Showers of the World
by Kathleen Fitzpatrick — Modern Language Association
June 22, 2012 – 10:14
I’ve been on the road for a little over two weeks now, across three countries and nine time zones, and while I have a host of more serious topics for discussion originating from this trip, the one that’s most concerning me at the moment is the extraordinary variety in the ways the world has for devising showers that go wrong.
There was the one in Germany whose (mobile) shower head kept graaaaaadually turning to the right. Reach up and nudge it back left. Find yourself standing pressed up against the glass partition again just a few moments later.
There was the one in Portugal that was subject to what must have been 40 or 50 degree variations in water temperature, with no warning whatsoever. One moment you’re enjoying a nice temperate rinse. The next you’re scalded. Ten seconds later, freezing.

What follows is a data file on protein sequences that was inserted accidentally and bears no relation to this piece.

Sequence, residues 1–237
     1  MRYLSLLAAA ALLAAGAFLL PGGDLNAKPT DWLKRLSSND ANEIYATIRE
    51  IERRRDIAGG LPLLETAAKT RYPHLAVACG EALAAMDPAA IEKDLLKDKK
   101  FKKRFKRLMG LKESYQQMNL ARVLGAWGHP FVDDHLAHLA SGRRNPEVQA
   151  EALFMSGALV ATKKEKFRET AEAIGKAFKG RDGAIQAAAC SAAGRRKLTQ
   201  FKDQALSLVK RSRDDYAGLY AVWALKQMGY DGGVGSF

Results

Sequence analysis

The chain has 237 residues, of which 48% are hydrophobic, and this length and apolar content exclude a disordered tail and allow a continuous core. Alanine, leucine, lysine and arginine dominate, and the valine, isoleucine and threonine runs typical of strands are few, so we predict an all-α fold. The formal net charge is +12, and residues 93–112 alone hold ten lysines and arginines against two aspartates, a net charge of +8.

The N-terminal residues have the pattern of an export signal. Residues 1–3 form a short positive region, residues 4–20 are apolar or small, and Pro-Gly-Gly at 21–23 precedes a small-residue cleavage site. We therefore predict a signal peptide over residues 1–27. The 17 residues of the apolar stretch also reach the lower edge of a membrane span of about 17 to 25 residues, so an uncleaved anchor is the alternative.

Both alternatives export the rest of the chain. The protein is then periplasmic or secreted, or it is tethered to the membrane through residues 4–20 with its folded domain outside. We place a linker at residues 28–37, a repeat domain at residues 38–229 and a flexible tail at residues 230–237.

There was the one in Nashville whose water pressure was on the cusp of giving up the ghost. The sense of standing under a half-full watering can was all too vivid, especially as pressure changes in the building would result every so often in that already weak flow dwindling almost to a stop.
But the one that takes the cake for me — perhaps only because I’ve just gotten out of it — is the one here in Los Angeles, whose (non-mobile) shower head is mounted at eye-level. My eye-level, and I am not a tall person. Rinsing the shampoo out of my hair required a tiny bit of limbo action.
I’m happy that those last two were here in the U.S., so that this isn’t just some ugly Americanism I’m beset by. I suppose it’s probably not much better that it’s just a sign of how spoiled I’ve gotten by the apartments I’ve gotten to live in for the last several years.
But I will note that this does all have me wondering what I might possibly find in Prague…